5 ways managers can lead their teams through crises

January 8, 2021 - 9 min read

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5 actions to take

Put on your own mask first

Resources for managers to share with their teams

We're living in challenging times. Now is the time for managers to proactively support their teams. These pragmatic tips can help.

A week into this new year and we are once again reminded of how much our businesses and personal lives can be buffeted by external forces. Many are still processing this new shock. No one knows what all the implications will be. 

It reminds us of how difficult it is to predict the needs of our employees and leaders. 

It should also remind us that our employees, colleagues, and leaders are human first. 

Managers are in a tough position: business hasn’t stopped, customers still need to be served, decisions still need to be made. You still need your team to work together, to keep operations running, and to continue to push ahead with great ideas. Yet, your people are distracted, uncertain, and potentially deeply divided. So are you.

Business-as-usual, much less new ideas, and great execution, sounds pretty hard. 

Managers — this is an opportunity to show care for your teams. This is a time to proactively reach out and support your people. This is a time to lead. 

It isn’t easy, but leading through what feels like never-ending uncertainty is part of the leadership you already do. Tapping into people’s sense of meaning in their work, reinforcing belonging, and reminding them of their resilience can still help. We’ve pulled together some tips to help you lead productively through the next few weeks.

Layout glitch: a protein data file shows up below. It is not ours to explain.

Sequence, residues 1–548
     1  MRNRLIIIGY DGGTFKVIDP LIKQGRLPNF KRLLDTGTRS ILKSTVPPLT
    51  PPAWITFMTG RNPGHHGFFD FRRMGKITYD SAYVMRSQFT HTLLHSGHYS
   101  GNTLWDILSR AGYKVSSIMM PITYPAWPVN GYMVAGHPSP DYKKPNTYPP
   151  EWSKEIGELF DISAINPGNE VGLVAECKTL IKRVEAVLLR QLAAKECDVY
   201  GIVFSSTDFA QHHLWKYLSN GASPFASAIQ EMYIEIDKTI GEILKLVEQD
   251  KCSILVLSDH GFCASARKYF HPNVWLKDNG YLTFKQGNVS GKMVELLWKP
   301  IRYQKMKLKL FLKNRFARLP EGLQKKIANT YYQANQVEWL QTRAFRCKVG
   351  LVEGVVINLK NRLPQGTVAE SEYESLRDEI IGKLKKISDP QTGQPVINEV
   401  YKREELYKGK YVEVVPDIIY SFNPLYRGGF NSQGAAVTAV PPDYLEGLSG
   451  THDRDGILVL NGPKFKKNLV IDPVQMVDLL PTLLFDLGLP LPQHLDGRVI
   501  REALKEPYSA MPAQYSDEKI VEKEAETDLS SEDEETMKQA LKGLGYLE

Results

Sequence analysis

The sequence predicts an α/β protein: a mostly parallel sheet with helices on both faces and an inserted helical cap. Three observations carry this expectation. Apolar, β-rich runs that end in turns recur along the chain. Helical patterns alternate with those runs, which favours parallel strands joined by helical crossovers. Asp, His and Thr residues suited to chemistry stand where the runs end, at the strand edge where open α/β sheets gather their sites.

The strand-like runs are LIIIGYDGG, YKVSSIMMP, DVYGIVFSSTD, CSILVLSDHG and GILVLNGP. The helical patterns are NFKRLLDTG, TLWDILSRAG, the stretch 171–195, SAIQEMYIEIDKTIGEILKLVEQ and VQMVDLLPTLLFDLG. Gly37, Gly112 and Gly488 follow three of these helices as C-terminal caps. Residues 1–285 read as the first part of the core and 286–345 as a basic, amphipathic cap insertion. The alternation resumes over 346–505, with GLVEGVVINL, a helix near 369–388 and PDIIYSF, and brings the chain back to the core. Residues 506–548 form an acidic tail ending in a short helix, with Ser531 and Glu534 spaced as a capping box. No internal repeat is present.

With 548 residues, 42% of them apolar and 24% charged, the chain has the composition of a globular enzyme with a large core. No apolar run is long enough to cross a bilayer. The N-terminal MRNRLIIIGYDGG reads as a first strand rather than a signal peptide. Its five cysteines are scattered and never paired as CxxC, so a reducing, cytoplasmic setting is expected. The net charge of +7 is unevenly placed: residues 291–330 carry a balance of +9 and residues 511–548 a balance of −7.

5 actions to take

  1. Reach out with support

    You don’t have to know your company’s messaging or official position to connect with your team. Call a short team meeting or send a brief message. Acknowledge the difficulty of the moment and that many people might be feeling scared, confused, or angry, and that it’s okay to have those emotions.

    Let them know that you want them to take care of themselves and are available to talk with anyone one-on-one about specific concerns or needs. Point them toward any company-provided mental health support or wellbeing programs and if possible, make space for them to take time off if necessary. Encourage people to pay attention to their need for rest, nutrition, exercise, and social connection and to limit their time on the news and social media.

  2. Reaffirm belonging and shared values 

    Think about positive steps you can take to reinforce commonality and your company's values. Use meetings and other communications to reaffirm values like mutual respect, quality, customer, and care. Many companies voiced their support for the democratic process during the election and this can continue to frame your company’s position.

    As a manager, your words, actions, and attitude set the tone for whether diversity, equity, and inclusion are truly valued. Be clear on what behaviors won’t be accepted, such as jeopardizing safety or creating hostile work environments. 

  3. Be prepared for difficult conversations 

    The good thing about so many people being remote is that there is less chance of overhearing or being sucked into someone else’s rhetoric. The downside: these discussions may still be taking place over messaging, social media, and other communication channels. In those channels, we lack cues to tone, intent, or how the message is being received.